Kinney's is one of dozens of first person accounts and memoirs originally published in 1881 by "The Century" magazine and now part of a terrific compilation from 2011, "Hearts Touched By Fire: The Best of Battles and Leaders of the Civil War," edited by Harold Holzer. The book is divided into five parts, each for a year from 1881 through 1885.

In the introduction to "1864," historian Joan Waugh sets the stage:
"Two Federal naval victories in 1864 mitigated the disappointment of the seemingly endless ground campaigns. On June 19 the war sloop USS Kearsarge defeated the famed Rebel raider CSS Alabama off the coast of France in the Battle of Cherbourg. Writing for Battles and Leaders, the Union ship's surgeon, John M. Browne, recounted the war of wits ..."The second Union naval success carried an even greater lift for Northers at a critical time. On August 5, Admiral David G. Farragut seized control of Mobile Bay in Alabama, bringing an end to Confederate shipbuilding in that city and disabling the port's ability to offer a friendly harbor for Southern ships avoiding the Union blockade ... Farragut's triumph closed the last remaining major Confederate port on the Gulf of Mexico and boosted Lincoln's prospects for a fall victory."
Navy Reads contributor Craig Symonds does a masterful introduction for "1861" helping foreshadow the "horrible slaughter and wholesale destruction that would follow" the early months of the war.


The story of how the first compilation came to be published by "The Century" in 1881 involves some intriguing negotiation with President U.S. Grant after the Civil War. The editors ensured we get an accurate portrayal told in real and vibrant prose, not just dry war plans and reports. Illustrations from the time – paintings and etchings from both the Union and Confederacy perspective – are included.

In "Farragut at Mobile Bay" Kinney describes the fire and smoke of battle where "every minute seemed a second." Admiral Farragut climbed the rigging to get better command and control. He damned the torpedoes, faced and ordered broadsides and took his wooden ships into close battle with the enemy. We can almost hear and feel the wooden Hulls scraping and crashing against the iron-clad Tennessee that had been "strengthened by an artificial prow."

Kinney writes of a brief lull in the action:
"The thunder of heavy artillery now ceased. The crews of the various vessels had begun to efface the marks of the terrible contest by washing the decks and clearing up the splinters. The cooks were preparing breakfast, the surgeons were busily engaged in making amputations and binding arteries, and under canvas, on the port side of each vessel, lay the ghastly line of dead waiting the sailor's burial. As if by mutual understanding, officers who were relieved from immediate duty gathered in the ward-rooms to ascertain who of their mates were missing, and the reaction from such a season of tense nerves and excitement was just setting in when the hurried call to quarters came and the word passed around, 'the ram is coming.'"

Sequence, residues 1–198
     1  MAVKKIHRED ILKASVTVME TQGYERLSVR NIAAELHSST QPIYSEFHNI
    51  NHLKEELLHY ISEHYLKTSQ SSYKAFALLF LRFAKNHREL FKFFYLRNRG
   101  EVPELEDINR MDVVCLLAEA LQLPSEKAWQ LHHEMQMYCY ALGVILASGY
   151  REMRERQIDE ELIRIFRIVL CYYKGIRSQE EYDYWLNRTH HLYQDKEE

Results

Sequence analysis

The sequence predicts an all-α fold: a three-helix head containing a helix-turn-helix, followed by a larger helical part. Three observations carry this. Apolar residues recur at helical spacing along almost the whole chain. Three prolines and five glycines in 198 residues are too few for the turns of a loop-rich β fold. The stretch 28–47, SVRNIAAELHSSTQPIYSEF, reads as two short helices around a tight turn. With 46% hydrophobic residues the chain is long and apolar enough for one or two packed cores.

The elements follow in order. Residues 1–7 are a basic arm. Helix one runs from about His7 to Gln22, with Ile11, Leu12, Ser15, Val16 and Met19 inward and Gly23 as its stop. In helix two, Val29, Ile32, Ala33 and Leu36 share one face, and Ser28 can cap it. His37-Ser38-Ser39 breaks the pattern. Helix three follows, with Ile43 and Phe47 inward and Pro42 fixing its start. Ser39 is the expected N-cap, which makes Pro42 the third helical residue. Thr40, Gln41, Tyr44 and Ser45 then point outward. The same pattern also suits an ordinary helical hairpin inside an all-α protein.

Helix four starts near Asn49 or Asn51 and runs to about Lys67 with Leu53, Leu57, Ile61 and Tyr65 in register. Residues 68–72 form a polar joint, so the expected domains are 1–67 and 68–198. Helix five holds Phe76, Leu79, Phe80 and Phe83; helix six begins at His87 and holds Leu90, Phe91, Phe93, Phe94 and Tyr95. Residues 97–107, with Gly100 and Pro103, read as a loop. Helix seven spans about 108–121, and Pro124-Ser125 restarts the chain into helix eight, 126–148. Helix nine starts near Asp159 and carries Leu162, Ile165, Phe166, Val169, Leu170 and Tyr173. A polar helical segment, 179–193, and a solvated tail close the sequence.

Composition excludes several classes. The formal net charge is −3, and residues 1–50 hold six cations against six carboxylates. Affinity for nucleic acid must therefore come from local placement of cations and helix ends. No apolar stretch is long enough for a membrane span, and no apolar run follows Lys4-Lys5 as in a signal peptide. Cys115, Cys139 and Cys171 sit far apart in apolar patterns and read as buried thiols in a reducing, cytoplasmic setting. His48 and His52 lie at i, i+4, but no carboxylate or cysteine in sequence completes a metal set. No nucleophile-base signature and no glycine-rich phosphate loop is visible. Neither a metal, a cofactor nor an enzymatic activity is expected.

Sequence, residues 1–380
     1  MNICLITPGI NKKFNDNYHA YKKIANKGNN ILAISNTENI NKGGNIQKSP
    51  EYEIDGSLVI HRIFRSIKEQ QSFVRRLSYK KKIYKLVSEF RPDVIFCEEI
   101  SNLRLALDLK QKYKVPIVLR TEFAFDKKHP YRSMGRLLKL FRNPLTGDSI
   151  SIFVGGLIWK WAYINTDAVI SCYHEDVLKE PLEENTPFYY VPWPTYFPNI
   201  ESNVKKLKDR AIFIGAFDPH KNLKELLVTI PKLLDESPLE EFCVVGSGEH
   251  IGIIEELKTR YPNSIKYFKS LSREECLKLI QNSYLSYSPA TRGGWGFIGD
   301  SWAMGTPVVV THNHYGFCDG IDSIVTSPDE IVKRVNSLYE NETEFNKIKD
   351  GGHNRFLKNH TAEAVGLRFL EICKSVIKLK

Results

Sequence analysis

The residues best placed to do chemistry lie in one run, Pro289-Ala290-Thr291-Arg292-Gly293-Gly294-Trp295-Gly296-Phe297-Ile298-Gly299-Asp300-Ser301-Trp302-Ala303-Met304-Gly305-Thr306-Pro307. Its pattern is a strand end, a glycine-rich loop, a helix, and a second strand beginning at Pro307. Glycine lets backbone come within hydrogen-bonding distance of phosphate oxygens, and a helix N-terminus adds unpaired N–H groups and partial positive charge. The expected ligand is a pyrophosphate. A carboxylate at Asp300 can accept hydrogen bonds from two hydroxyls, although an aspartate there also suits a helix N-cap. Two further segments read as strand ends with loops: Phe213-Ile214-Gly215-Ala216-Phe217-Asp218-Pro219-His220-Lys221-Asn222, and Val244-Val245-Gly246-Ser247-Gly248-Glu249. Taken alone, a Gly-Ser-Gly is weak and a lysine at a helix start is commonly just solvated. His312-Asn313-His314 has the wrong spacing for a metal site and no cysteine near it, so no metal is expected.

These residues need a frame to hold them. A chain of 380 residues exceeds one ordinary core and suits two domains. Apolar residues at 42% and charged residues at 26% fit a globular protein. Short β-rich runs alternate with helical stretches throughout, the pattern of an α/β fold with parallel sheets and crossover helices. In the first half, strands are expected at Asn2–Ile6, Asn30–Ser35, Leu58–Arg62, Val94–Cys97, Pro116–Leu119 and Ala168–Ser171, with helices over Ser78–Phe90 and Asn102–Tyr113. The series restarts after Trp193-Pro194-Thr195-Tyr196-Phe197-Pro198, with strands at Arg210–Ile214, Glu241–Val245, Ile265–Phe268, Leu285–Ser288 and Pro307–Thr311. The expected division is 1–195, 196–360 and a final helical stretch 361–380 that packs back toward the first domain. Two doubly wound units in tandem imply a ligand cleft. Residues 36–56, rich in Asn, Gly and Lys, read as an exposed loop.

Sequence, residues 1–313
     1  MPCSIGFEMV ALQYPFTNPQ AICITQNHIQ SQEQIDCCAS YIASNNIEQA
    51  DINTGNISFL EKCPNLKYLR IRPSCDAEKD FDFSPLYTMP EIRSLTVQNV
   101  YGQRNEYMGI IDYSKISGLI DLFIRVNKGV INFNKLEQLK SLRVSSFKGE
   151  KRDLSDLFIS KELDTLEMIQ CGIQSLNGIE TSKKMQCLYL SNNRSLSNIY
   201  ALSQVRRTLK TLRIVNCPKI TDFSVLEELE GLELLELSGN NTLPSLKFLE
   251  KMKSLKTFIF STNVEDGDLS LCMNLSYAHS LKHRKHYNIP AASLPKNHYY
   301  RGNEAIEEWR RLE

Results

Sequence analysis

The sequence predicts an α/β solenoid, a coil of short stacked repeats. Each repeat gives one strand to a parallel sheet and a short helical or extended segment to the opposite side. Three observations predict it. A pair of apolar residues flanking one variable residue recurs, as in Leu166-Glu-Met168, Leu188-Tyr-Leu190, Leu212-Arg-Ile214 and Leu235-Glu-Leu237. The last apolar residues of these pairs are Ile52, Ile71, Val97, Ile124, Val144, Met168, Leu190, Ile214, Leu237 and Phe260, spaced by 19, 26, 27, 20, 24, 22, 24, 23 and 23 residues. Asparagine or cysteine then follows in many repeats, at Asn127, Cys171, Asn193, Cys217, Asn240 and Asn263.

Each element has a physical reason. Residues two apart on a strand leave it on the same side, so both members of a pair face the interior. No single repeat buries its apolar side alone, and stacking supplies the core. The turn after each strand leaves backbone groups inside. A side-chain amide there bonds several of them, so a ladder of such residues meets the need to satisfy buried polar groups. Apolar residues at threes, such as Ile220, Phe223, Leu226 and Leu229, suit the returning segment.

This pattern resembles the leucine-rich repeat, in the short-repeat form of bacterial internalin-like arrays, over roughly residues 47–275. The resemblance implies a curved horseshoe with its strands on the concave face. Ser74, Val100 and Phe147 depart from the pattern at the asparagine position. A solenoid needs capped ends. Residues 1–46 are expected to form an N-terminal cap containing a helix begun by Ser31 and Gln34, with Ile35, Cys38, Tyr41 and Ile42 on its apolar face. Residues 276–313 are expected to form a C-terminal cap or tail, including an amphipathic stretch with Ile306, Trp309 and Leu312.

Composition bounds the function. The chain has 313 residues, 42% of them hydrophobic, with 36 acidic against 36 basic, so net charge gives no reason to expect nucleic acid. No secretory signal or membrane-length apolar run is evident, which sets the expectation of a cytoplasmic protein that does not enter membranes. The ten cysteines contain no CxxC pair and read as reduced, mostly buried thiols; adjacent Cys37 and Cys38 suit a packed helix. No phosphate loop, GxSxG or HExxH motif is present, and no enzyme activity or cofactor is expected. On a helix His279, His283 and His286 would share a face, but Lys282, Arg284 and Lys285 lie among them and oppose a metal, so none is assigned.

Kinney takes us back into the intense fighting as Farragut and his fleet focused on what was thought to be the strongest vessel afloat, "virtually invulnerable." 

"The Tennessee now became the target for the whole fleet, all the vessels of which were making toward her, pounding her with shot, and trying to run her down," he writes. Lashed to the rigging, Farragut directed the battle as his sailors and marines continued the attack, with side-by-side bombardments and fearless full-speed attacks and cannon barrages leading to the enemy's surrender and a Union victory.

"Hearts Touched by Fire" is a fascinating you-are-there set of memories from the soldiers, sailors, leaders and citizens affected by that pivotal war that ended slavery and kept the states united.

(See the Navy Reads post about the Adm. Farragut, the U.S. Navy's first Hispanic admiral, from 2011, "Damn the Torpedoes." Hispanic heritage is celebrated in the United States from Sept. 15 to Oct. 15. The Navy Birthday is Oct. 13, 1775.)

Saturday, September 27, 2014

Captain John Paul Jones – Conflicted

by Bill Doughty

When Thomas Jefferson's letter to Captain John Paul Jones arrived asking him to lead an expedition against Islamic Barbary Pirates in North Africa it was too late. Jones had died days before the letter arrived.

No doubt John Paul Jones would have jumped at the chance to deploy and fight again. After all, he had earlier taken Jefferson's advice to become an admiral in the Russian Navy and serve under Tsarina Catherine in the Black Sea. Two decades earlier he had served under George Washington and other Founders in missions attempting to rescue prisoners of war, even deploying forward into the littorals of England, Ireland and his native Scotland.
Mutinous crews, weather, political circumstances and Jones's own ego often hampered the ship captain's success, however, according to biographer Evan Thomas in "John Paul Jones: Sailor, Hero, Father of the American Navy."